It looks like a cross between a Hummer and a tank.
But the squat, pug-nosed car with brown body panels in place of its windshield and windows is radically different from any vehicle on todays roads or battlefields. Designed, built and outfitted by the University of Florida and a Utah company called Autonomous Solutions, it is a robot car built for one purpose: to compete against other "autonomous" vehicles in a U.S. defense agency-sponsored race this spring from Los Angeles to Las Vegas. Its billed as the biggest robotics competition in history.
"No robot has ever come close to achieving anything like this before," said David Armstrong, the project manager at UFs Center for Intelligent Machines and Robotics and the leader of the UF team. "Its going to be huge, and were going to be there."
Aaron Hoover | EurekAlert!
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DNA molecules that follow specific instructions could offer more precise molecular control of synthetic chemical systems, a discovery that opens the door for engineers to create molecular machines with new and complex behaviors.
Researchers have created chemical amplifiers and a chemical oscillator using a systematic method that has the potential to embed sophisticated circuit...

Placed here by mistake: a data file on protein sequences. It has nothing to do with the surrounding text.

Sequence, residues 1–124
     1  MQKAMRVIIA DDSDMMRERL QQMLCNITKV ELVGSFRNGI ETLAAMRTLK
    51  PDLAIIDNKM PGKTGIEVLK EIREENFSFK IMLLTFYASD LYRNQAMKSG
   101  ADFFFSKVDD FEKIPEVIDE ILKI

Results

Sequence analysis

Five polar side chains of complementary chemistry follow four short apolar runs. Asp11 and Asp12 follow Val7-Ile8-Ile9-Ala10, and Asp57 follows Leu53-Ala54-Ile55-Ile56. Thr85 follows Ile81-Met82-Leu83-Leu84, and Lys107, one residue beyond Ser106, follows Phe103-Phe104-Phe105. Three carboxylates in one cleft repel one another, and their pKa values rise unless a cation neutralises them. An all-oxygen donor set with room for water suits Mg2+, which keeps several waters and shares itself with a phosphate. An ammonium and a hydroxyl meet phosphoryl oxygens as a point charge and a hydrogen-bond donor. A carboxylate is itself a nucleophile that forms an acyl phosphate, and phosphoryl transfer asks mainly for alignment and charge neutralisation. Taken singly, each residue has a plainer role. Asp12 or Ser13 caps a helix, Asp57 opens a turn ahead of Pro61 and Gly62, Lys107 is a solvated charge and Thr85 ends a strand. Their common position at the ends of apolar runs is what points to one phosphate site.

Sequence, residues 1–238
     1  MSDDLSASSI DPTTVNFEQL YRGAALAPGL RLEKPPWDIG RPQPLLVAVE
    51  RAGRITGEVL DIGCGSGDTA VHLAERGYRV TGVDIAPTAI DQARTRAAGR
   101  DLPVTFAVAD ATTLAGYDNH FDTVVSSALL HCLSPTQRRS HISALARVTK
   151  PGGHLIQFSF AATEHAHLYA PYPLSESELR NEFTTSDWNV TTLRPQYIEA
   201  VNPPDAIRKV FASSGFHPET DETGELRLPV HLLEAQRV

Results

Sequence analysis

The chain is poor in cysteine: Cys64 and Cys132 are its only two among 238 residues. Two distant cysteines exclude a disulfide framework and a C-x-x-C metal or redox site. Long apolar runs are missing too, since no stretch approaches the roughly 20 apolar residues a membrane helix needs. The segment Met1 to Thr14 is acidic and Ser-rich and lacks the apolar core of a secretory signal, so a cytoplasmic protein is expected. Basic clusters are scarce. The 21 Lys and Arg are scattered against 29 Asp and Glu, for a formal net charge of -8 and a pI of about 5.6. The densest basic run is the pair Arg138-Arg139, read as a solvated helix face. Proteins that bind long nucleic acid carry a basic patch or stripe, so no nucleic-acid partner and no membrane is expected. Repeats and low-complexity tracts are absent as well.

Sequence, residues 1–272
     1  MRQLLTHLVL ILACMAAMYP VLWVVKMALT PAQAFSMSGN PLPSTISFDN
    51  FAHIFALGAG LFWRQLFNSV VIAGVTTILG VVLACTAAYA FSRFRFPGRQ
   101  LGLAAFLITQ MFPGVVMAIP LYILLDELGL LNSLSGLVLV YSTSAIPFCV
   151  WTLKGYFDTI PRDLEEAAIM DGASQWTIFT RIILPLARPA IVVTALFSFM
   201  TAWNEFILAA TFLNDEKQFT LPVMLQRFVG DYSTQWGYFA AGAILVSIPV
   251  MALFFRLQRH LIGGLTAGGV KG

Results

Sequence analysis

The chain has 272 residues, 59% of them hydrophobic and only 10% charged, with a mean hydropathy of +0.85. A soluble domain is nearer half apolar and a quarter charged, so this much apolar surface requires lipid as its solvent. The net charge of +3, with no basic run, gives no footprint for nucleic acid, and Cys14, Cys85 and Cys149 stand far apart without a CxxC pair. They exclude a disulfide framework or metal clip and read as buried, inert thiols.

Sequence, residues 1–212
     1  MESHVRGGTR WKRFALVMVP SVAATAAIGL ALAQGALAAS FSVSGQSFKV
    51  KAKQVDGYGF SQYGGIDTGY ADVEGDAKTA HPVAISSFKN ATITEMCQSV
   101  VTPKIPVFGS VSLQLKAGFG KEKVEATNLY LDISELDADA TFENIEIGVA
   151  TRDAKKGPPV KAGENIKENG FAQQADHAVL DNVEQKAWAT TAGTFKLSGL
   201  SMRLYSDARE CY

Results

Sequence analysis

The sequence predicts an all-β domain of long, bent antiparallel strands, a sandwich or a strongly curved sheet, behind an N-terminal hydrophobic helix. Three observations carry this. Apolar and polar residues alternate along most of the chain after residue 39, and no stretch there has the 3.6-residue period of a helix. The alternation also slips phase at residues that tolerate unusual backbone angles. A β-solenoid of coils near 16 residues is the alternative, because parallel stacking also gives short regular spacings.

MPQ scientists achieve long storage times for photonic quantum bits which break the lower bound for direct teleportation in a global quantum network.
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Researchers have developed a water cloaking concept based on electromagnetic forces that could eliminate an object's wake, greatly reducing its drag while...
Tiny pores at a cell's entryway act as miniature bouncers, letting in some electrically charged atoms--ions--but blocking others. Operating as exquisitely sensitive filters, these "ion channels" play a critical role in biological functions such as muscle contraction and the firing of brain cells.
To rapidly transport the right ions through the cell membrane, the tiny channels rely on a complex interplay between the ions and surrounding molecules,...
The miniaturization of the current technology of storage media is hindered by fundamental limits of quantum mechanics. A new approach consists in using so-called spin-crossover molecules as the smallest possible storage unit. Similar to normal hard drives, these special molecules can save information via their magnetic state. A research team from Kiel University has now managed to successfully place a new class of spin-crossover molecules onto a surface and to improve the molecule’s storage capacity. The storage density of conventional hard drives could therefore theoretically be increased by more than one hundred fold. The study has been published in the scientific journal Nano Letters.
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